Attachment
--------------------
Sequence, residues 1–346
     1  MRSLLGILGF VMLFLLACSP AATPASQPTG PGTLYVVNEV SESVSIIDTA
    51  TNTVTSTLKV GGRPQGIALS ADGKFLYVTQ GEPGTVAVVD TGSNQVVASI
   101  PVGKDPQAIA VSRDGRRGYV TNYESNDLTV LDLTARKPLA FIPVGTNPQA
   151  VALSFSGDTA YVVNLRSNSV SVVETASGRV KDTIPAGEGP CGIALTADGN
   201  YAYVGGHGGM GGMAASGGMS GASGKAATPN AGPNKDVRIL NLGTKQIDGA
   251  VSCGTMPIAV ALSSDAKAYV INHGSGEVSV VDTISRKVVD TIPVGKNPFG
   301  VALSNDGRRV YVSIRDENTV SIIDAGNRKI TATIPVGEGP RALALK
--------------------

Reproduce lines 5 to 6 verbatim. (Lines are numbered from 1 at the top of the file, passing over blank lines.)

   151  VALSFSGDTA YVVNLRSNSV SVVETASGRV KDTIPAGEGP CGIALTADGN
   201  YAYVGGHGGM GGMAASGGMS GASGKAATPN AGPNKDVRIL NLGTKQIDGA